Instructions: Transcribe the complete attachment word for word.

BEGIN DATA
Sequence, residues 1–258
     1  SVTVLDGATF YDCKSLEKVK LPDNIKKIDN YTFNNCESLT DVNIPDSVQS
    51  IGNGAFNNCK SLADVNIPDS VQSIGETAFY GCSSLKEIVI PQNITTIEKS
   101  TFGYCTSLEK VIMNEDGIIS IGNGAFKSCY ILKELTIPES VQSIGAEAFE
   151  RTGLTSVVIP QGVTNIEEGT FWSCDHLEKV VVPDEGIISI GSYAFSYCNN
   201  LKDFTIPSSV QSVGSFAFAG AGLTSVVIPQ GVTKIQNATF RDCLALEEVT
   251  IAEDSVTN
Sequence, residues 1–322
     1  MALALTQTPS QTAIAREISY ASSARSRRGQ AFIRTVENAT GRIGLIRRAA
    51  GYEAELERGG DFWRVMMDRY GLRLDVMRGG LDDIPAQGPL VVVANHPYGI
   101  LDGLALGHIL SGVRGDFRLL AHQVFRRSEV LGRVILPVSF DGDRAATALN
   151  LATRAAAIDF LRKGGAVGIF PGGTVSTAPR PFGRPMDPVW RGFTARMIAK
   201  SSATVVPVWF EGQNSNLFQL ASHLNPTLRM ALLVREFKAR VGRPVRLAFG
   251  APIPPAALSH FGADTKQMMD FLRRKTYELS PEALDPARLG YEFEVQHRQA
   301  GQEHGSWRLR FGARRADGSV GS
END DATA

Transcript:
Sequence, residues 1–258
     1  SVTVLDGATF YDCKSLEKVK LPDNIKKIDN YTFNNCESLT DVNIPDSVQS
    51  IGNGAFNNCK SLADVNIPDS VQSIGETAFY GCSSLKEIVI PQNITTIEKS
   101  TFGYCTSLEK VIMNEDGIIS IGNGAFKSCY ILKELTIPES VQSIGAEAFE
   151  RTGLTSVVIP QGVTNIEEGT FWSCDHLEKV VVPDEGIISI GSYAFSYCNN
   201  LKDFTIPSSV QSVGSFAFAG AGLTSVVIPQ GVTKIQNATF RDCLALEEVT
   251  IAEDSVTN
Sequence, residues 1–322
     1  MALALTQTPS QTAIAREISY ASSARSRRGQ AFIRTVENAT GRIGLIRRAA
    51  GYEAELERGG DFWRVMMDRY GLRLDVMRGG LDDIPAQGPL VVVANHPYGI
   101  LDGLALGHIL SGVRGDFRLL AHQVFRRSEV LGRVILPVSF DGDRAATALN
   151  LATRAAAIDF LRKGGAVGIF PGGTVSTAPR PFGRPMDPVW RGFTARMIAK
   201  SSATVVPVWF EGQNSNLFQL ASHLNPTLRM ALLVREFKAR VGRPVRLAFG
   251  APIPPAALSH FGADTKQMMD FLRRKTYELS PEALDPARLG YEFEVQHRQA
   301  GQEHGSWRLR FGARRADGSV GS